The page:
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​I haven't found any good resources on the different ways to take advantage of sliding table saws.

For example, what kind of sleds to build (to work with and not against the slide), what is the safest way to do different cuts compared to a regular table saw, ripping long pieces, etc...

(I do see many resources on properly using a regular table saw.) ​​

  • I thought the advantage of a sliding table saw was that you didn't need to use sleds to safely, accurately, and cleanly make any type of crosscut? Also, how would ripping operations be any different vs. a regular table saw. In any event, you may find it helpful to look up work people have done using the ryobi bt3000. It is a small, universal motor-powered table saw that (i believe) is the only one of its size to incorporate a sliding table. It has a devoted following of hobbyist users, and if there are jigs to use with a sliding saw, you'll find em in there. – aaron Aug 1 '17 at 13:19
  • very interesting suggestion @aaron. there indeed is a small bt3000 community! – CarvedBlock Aug 4 '17 at 17:20
  • see sawdustzone.org/forum/discussions/bt3x00-related-discussions (apparently the old bt3central.com migrated to this new site..) – aaron Aug 4 '17 at 17:25
  • Just a note, asking for external resources is not really in the spirit of SE, which aims to be a self-contained, canonical source (but with references to external resources as appropriate) in order to limit the amount of content that is lost due to external sources disappearing. It would also be helpful if you frame your question--for example, do you already own a sliding table saw and are you stumped on how to perform certain operations on it, or are you considering buying one and trying to understand what "gotchas" there would be in switching to one from a conventional table saw? – rob Aug 9 '17 at 4:05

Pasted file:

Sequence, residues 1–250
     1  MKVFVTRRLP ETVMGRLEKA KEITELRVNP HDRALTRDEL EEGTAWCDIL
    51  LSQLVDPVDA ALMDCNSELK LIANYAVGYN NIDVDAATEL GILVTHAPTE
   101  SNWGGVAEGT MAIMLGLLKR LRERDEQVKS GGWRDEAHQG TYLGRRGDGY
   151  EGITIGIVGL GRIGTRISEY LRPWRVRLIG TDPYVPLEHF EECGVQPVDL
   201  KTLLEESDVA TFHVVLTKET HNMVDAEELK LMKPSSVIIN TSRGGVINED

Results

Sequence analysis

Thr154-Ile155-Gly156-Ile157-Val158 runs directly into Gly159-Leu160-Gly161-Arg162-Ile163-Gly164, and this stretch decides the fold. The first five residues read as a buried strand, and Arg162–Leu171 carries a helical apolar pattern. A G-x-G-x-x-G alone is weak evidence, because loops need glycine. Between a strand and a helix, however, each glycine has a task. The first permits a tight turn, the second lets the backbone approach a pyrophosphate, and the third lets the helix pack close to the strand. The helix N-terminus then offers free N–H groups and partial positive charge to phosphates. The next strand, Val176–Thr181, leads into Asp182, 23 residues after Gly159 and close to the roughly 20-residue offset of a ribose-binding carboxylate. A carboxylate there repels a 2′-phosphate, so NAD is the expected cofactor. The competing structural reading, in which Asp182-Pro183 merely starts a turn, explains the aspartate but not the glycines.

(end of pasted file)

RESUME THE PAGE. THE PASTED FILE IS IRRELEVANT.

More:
• good point @rob; noted. – CarvedBlock Aug 11 '17 at 20:44
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A good sliding table can serve as a main reference point for your jigs and support for the stock. Fixing the jig/sled to the table and using the sliding action to get the stock moved across the blade. Most T-track based jigs will work fine with it.

For ripping long board you can add a shoe at the end of the table to hold the end in place as you are pushing it through. A spike in the shoe can help prevent the piece from shifting side to side.

  • yeah, i'm somewhat struggling with the lack of a good mitre reference for the sliding part of my saw; so I'm trying to see what kinds of things there are for this. I guess I'll just have to hack something together. – CarvedBlock Aug 4 '17 at 17:20
  • A fence on the sliding table referenced to the near end of the T-track and a stop over to the side will help with that. – ratchet freak Aug 4 '17 at 21:19

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